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Ten winter running techniques that are crucial to survive

I'm wrapping up 11 days in central Wisconsin. That means my only exercise outlet is running. So, for most all of the days here, I cranked out 10 milers. Here are a few relevant suggestions if you plan to put yourself through the winter torture test:

1) Balaclavas will become your best friend. Wear it always. You can pull it up over your face or down around your neck, as needed. There is some comfort in having a completely covered head and neck when it's chill factor zero or below.

2) Get ready for trashed feet. The surface is perpetually uneven. Semi-shoveled sidewalks, plowed snow mounds across your path, slushed-up roads from's all there, all the time. Try using a shuffle mode, as that will scrape your shoes off as you go.

3) Embrace patience. I noted that there was a 20%-30% slip on every footstrike. My 10-milers were taking two hours. Set the day's mileage in your brain, get started, then throw the elapsed time stats out the window.

4) Realize that some motorists are exceptional, others are jerks. On major snow days I ran down the edge of the road, as it was the only thing plowed. Be prepared to jump for the snowbank on occasion. This is the life of the winter runner.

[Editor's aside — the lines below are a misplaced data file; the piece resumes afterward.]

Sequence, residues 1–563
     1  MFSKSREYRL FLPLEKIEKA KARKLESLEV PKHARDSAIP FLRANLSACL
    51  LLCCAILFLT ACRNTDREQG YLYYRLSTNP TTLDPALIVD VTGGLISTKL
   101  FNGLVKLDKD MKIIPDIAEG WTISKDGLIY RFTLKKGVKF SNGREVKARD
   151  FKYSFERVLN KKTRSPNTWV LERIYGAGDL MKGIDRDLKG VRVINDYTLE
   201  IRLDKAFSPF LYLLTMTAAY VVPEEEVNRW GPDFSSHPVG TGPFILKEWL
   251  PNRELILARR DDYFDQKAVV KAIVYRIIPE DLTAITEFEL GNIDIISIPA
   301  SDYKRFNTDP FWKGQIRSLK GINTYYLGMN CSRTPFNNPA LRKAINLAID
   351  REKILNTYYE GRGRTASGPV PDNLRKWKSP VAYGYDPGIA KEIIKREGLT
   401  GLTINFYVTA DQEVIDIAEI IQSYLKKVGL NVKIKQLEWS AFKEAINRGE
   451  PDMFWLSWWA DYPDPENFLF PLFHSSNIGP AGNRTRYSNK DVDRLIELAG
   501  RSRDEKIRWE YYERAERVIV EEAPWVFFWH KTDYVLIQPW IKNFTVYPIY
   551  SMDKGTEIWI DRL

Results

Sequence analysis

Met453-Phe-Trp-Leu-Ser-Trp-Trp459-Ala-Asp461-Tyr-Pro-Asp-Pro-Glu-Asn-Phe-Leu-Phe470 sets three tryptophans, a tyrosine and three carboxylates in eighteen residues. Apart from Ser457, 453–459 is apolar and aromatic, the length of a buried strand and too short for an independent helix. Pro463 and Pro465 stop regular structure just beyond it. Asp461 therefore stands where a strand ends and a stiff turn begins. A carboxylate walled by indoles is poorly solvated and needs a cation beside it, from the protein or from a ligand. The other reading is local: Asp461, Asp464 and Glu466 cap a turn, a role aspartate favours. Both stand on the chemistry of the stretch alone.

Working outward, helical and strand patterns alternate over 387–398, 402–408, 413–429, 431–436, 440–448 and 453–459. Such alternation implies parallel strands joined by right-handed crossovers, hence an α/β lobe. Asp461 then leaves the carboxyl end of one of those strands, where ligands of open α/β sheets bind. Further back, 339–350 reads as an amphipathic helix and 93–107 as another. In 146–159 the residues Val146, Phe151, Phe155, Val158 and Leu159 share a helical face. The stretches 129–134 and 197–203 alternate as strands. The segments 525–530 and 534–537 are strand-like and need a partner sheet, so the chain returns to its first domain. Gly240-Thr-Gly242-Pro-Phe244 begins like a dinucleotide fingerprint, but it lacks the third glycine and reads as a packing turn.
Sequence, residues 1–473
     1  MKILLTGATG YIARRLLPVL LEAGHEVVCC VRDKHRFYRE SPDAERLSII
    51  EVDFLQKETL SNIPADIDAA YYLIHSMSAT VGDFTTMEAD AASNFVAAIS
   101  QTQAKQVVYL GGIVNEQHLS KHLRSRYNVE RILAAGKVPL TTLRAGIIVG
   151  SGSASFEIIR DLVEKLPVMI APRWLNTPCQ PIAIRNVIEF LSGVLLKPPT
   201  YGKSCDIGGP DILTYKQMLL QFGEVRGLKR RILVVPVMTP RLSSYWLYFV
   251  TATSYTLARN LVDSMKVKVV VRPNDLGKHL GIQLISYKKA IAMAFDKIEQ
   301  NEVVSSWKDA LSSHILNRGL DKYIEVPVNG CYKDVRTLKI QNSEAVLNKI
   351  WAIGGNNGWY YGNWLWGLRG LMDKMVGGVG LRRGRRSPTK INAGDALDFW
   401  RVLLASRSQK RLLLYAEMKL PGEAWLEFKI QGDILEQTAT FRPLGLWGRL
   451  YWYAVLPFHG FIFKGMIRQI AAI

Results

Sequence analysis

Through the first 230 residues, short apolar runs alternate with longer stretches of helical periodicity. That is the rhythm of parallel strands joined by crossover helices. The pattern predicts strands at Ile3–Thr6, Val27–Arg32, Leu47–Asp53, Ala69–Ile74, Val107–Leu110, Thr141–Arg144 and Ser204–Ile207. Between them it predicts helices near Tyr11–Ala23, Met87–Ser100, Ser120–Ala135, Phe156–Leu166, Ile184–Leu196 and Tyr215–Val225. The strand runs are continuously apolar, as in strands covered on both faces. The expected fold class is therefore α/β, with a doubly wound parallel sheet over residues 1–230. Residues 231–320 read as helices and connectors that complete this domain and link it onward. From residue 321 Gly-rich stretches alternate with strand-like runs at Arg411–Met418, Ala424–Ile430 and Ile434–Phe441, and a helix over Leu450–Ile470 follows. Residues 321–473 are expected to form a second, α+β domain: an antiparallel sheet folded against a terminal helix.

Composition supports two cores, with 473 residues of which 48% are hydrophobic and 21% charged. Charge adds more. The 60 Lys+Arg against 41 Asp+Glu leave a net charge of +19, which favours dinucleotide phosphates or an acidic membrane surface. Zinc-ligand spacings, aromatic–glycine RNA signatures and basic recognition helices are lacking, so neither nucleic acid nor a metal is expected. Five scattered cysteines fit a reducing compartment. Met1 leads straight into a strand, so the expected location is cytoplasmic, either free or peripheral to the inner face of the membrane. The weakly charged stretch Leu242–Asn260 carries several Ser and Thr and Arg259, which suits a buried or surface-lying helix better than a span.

5) Expect extra torque on your moving parts. When it's 10 degrees or colder, things start to happen. Your hands won't always work well, shins will ache and your Achilles tendons can feel rigid. These conditions aren't meant for high stepping speed work. Keep your feet low and even to the ground (check out my Most Efficient Running Technique video on YouTube

6) Don't stop. Once out the door, press forward methodically until the run has concluded and you're back in a warm, sheltered place.

7) Understand that small weather changes can make for big issues. A still day at 10 degrees, versus a wind chill at 10 degrees, are two different environments. One is "balmy" while the other will tear the fluid out of your eyes. This morning I ran at 18 degrees, but it chilled me to the bone because the air was damp.

8) Keep your hands and head warm as a first line of defense. They are the gateway to other parts of your body.

9) Appreciate the experience. Don't complain. Embrace it and absorb the sensations. Life isn't always better or worse...but simply different.

10) Listen to local radio stations. Break the groove of your usual digital feed. The rock stations here are exceptional. A bit of metal goes a long way when your going sub-zero into a headwind.

If you're looking at two more months of the winter blues, turn the corner and start a winter running regimen. I hope some of these tips get your enjoyably on your way.


  1. Hi Tom

    When it snows in the UK I wear Microspikes. They are great for preventing the slipping you mention. I wrote about them here:
    Regards, Dave


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